The case of Kline v. Knights of the Golden Eagle et al., 113 N.J.Eq. 513, 167 A. 758, passed upon the question of whether or not an unincorporated association having a recognized name could sue "In Equity" by such common name, and the Court of Chancery held that such a suit could not be maintained because there was no enabling act, the Act of 1903 and the amendment of 1928 aforesaid, relating to suits "At Law" only.
In 1937, the statutes of New Jersey were revised, and by 2:78-1, N.J.S.A. 2:78-1, it is provided that any unincorporated association or organization, consisting of seven or more persons and having a recognized *181 name, can sue or be sued in any court of said state by such name.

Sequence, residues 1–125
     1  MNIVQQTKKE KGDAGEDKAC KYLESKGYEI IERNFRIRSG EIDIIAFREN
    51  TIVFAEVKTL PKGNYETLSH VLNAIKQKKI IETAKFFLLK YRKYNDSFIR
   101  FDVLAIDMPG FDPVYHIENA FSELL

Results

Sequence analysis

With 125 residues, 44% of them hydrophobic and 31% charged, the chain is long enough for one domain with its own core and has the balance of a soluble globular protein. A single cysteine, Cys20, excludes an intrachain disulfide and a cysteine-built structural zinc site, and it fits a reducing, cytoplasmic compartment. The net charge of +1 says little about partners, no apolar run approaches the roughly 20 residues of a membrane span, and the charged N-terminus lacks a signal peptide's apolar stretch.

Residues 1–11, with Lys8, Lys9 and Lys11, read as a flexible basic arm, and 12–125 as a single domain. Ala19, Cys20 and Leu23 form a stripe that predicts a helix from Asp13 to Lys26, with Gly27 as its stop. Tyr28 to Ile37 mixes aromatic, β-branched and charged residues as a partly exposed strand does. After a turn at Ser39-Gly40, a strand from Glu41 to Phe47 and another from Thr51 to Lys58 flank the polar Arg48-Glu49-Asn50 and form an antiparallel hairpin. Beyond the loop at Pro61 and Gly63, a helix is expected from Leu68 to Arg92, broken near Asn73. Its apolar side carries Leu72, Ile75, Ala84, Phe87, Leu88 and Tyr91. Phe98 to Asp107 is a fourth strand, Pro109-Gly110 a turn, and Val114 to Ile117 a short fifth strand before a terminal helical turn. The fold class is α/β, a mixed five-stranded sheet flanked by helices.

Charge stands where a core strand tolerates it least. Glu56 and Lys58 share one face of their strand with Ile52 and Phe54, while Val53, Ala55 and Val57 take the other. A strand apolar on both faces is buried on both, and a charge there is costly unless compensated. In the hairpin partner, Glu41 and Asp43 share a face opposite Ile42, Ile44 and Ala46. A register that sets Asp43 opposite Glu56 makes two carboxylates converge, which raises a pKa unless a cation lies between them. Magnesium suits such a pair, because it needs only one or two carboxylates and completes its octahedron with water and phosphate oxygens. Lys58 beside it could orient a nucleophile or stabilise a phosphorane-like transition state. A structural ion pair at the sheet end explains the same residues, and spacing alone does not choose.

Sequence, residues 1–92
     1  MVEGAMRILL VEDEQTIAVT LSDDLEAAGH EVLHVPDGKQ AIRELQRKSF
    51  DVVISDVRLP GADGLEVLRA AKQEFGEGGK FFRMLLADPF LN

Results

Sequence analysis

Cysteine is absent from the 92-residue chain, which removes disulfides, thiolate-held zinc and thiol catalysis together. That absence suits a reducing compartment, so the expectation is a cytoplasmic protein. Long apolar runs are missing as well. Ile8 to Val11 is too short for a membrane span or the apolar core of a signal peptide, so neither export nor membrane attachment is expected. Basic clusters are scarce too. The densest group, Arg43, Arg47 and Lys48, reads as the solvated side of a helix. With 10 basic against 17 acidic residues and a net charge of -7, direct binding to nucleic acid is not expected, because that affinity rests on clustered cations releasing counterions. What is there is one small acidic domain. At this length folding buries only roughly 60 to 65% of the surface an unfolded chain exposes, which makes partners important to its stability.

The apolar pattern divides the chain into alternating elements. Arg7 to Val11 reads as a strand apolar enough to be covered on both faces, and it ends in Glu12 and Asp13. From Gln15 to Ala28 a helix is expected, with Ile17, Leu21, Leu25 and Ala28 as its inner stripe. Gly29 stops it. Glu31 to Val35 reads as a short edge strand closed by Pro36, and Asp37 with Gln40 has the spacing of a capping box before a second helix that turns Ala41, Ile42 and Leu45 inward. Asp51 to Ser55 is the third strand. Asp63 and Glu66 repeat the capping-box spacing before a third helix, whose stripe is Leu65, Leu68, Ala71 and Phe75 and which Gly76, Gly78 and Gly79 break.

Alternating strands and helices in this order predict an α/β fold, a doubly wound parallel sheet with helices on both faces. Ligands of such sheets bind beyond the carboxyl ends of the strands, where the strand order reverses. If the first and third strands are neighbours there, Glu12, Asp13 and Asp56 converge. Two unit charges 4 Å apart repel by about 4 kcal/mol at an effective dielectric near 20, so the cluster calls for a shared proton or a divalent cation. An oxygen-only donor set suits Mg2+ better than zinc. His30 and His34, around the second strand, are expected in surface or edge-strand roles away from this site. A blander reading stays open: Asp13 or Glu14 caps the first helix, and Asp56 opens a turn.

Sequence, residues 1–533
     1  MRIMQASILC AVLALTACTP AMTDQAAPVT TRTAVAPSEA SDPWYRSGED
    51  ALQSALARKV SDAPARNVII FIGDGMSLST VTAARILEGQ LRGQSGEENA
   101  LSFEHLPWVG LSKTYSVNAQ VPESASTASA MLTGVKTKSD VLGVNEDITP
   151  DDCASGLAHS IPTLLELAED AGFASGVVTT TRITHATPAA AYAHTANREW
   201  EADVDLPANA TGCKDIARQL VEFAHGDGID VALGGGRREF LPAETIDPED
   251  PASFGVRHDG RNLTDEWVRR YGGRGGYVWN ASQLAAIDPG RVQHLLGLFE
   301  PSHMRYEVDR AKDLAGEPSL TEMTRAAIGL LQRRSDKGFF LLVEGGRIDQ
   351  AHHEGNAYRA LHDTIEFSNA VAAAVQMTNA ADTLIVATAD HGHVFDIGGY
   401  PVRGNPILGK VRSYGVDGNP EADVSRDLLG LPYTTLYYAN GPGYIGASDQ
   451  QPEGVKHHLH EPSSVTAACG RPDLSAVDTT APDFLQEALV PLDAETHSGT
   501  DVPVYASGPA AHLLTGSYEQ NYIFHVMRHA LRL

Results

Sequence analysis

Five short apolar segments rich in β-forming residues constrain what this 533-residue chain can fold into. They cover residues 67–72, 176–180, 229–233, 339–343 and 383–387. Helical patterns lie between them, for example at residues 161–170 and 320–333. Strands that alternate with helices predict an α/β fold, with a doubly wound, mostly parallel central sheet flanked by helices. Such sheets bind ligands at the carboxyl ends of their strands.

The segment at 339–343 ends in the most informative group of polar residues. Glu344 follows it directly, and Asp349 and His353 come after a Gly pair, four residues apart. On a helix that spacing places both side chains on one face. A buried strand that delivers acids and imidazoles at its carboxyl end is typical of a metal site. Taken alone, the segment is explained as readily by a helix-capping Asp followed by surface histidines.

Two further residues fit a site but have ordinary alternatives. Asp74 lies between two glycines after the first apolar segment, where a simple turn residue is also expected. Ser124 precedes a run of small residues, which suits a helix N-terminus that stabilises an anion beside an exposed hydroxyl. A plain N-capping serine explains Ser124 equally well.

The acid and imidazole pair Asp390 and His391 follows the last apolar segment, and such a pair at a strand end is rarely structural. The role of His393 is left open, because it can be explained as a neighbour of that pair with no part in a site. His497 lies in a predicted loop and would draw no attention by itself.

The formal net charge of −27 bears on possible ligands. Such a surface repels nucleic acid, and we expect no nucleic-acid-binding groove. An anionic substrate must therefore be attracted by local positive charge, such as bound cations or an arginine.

It therefore follows that Allied and Typographical have capacity by the law of the State of New Jersey to sue in their common names, but in cases such as this where jurisdiction requires diversity of citizenship, even though capacity has been accorded the said unincorporated association to sue by such name, the citizenship of the individual members must nevertheless be made to appear, and their citizenship must be wholly diverse from that of the opposing party or parties. Thomas v. Board of Trustees of the Ohio State University, 1904, 195 U.S. 207, 25 S. Ct. 24, 49 L. Ed. 160 (Moore's Federal Practice, Vol. 2, page 2100); Rosendale et al. v. Phillips et al., 2 Cir., 87 F.2d 454.
Allied and Typographical cannot meet the requirements of diversity of citizenship and their escape, if any, is in the class action (Rule 23), where only the citizenship of the representative or representatives need appear. Moore's Federal Practice, Vol. 2, page 2100.